MMA CEO pleased with state’s ‘careful’ progress

The manufacturing outlook keeps improving, but many challenges remain.
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MMA CEO John Walsh said he is hopeful manufacturing will return to pre-COVID production levels by the end of the year. Courtesy iStock

The president and CEO of the Michigan Manufacturers Association (MMA) recently provided an industry update on the victories and challenges surrounding the COVID-19 pandemic.

John Walsh spoke to the Business Journal June 17 about the first few weeks of business-as-almost-normal in the state’s manufacturing sector.

Gov. Gretchen Whitmer allowed all Michigan manufacturers to resume full production May 11, but Walsh said it wasn’t as simple as flipping a switch.

“Those that were shut down or partially shut down had to bring their employees back, they had to literally get the line warmed up and moving again, they had to get raw material onsite and get their stamping presses ready to operate — every aspect required a startup. And then on top of that, all of the manufacturers had to train their employees on the new safety practices,” he said.

“I’m happy to say it’s gone pretty well. The reports we heard for the first couple of weeks had to do with employees and employers just getting used to the safety standards.”

In mid-June, MMA published MFG Tools for Safe & Productive Operations 3.0, an update to a handbook first compiled several weeks ago to help manufacturers overcome challenges related to the public health and economic crises brought about by COVID-19.

The latest version provides information on how to comply with the most recent executive orders surrounding safe operations, including employee screenings, personal protective equipment (PPE), sanitation and social distancing, as well as the challenge of training human resources departments and employees to maintain privacy standards during screenings.

“For a good one to two weeks, we were having seminars and some roundtables, people were sharing good ideas, and I’m happy to tell you the inquiries regarding prescreening have dropped to almost nothing. Employers and employees have worked it out. So, at this point, roughly a month after we started back up, things are moving along,” Walsh said.

The updated handbook also offers information on member-to-member services such as where to find PPE and sanitation supplies, how to get discounts, and places to go for accounting and legal services.

A pressing challenge that will take longer to work out than implementing safety standards is how companies can get production and revenue numbers back up to pre-COVID levels with the economy still soft, Walsh said.

“Even those companies that have begun production and they’re filling orders — and there are orders to fill from all over the world — it’s just at a lighter level. As a result, folks that maybe were running two shifts several months ago are now only running one, or they’re bringing (fewer) people back, just waiting for the economy to heat up a little bit,” Walsh said.

“There’s some concern. You’ve got people that are out of work — some are still on unemployment; that certainly helps — but the hope as the year progresses is we’ll get very close to what the production levels were earlier in the year.”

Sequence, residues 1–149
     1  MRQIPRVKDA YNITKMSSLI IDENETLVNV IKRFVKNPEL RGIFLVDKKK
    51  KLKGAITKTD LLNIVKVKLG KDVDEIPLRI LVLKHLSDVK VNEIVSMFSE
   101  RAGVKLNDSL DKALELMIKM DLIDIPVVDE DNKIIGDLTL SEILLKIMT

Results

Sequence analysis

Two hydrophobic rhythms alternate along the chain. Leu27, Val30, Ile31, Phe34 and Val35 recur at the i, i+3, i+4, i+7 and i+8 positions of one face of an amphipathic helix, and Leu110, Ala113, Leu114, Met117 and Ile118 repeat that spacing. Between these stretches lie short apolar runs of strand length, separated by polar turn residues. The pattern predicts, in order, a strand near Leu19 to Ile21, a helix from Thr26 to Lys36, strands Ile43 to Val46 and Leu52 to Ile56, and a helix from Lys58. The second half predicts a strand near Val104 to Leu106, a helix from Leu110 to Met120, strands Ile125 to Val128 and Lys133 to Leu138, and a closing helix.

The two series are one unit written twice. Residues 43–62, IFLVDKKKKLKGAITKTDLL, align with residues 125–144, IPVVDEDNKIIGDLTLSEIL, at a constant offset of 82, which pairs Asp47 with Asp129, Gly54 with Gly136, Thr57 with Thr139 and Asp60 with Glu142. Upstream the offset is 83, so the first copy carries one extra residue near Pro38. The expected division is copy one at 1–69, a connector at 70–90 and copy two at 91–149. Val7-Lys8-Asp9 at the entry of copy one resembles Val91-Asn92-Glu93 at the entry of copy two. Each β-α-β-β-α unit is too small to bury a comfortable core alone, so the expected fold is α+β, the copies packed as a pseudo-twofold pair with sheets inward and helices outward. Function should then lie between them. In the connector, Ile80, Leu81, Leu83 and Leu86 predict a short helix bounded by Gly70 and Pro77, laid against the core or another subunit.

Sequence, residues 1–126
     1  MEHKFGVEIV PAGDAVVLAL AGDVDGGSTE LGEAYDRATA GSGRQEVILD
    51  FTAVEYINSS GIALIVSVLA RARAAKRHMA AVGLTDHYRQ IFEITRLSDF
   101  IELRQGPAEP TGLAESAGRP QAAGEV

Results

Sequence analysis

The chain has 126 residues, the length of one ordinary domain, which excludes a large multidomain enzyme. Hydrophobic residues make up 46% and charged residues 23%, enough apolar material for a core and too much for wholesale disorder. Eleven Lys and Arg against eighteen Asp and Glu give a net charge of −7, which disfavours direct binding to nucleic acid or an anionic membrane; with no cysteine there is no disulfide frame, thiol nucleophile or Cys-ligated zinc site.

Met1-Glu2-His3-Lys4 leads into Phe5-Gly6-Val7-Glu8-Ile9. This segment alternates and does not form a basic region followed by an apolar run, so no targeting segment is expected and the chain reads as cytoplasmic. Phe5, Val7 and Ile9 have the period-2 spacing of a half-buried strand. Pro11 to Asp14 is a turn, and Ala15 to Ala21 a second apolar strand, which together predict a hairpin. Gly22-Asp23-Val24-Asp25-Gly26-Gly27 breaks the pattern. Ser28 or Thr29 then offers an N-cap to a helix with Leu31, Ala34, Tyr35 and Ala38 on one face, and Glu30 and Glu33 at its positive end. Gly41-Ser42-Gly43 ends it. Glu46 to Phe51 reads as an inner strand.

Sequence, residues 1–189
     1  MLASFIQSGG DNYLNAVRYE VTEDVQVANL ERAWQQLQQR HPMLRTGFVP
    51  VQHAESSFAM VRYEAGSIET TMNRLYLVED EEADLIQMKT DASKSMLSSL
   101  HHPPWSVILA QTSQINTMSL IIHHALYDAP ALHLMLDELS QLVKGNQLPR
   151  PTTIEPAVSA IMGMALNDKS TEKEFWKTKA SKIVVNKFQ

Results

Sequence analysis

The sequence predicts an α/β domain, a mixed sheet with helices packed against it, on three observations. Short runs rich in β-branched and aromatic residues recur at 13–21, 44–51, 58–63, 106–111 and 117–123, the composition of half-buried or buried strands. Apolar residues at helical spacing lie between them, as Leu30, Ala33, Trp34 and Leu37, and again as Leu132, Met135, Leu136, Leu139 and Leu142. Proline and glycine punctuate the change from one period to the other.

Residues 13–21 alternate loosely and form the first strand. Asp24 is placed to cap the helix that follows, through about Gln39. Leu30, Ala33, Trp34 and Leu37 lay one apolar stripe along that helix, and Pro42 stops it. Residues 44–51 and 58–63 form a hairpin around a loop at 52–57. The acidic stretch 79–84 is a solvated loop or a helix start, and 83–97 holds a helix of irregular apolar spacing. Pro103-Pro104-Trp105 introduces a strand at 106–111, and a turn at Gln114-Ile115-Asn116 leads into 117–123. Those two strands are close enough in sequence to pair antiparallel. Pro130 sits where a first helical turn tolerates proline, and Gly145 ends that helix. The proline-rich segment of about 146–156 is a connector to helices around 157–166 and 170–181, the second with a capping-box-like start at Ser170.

On the advocacy front, at press time, MMA was continuing to work with the National Association of Manufacturers to press for an extension of the CARES Act Paycheck Protection Program (PPP) deadline for declaring how the PPP aid employers received is classified, whether as forgivable or not. The initial deadline was in May, but MMA and NAM were still lobbying for an extension into July as of June 17; meanwhile employers were in limbo as to what deadline the U.S. Treasury Department would enforce.

MMA also was working at the state and federal level to argue for the easing of liability for manufacturers if the PPE they produced using shared patterns turned out to be faulty, except in cases of gross negligence, so that makers don’t have to worry about lawsuits at a time when they are trying to help solve a health crisis.

Additionally, MMA advocated with the federal and state government to activate an existing unemployment benefit called workshare that aims to make up the gap that occurs when manufacturing employees return to work with partial hours — say, a reduction of 10% — and their income falls short of what it was when they were on standard unemployment benefits plus the additional $600 through the CARES Act due to COVID-19. 

“(Workshare) allows the employees to keep the $600 unemployment kick from the federal government until it ends in July,” Walsh said.

Walsh said he and his team at MMA are trying to keep long-range challenges from before COVID in mind, such as the talent gap for skilled workers, which will become an issue again when manufacturing resumes full capacity because of the industry’s need to rebrand itself.

“We’re still staying focused on trying to attract individuals to the industry, working with community colleges and other training facilities to continue their training programs and just to make sure the word is out that this is still a viable, healthy employment situation,” he said.

Walsh said overall, the COVID-19 economic recovery process is moving at a pleasing rate, but the last thing MMA would want is for hasty forward movement to cause a setback.

“We’re very happy to be back at work, to have our manufacturers producing products again and doing it safely, so we’re going to keep at it. We’re going to keep supporting our members, and we’re going to do it safely and carefully,” he said. “The last thing that manufacturing wants is any of their employees or citizens to get ill. I think it’s pretty safe to say none of us want to see another shutdown. We’re happy, but careful.”

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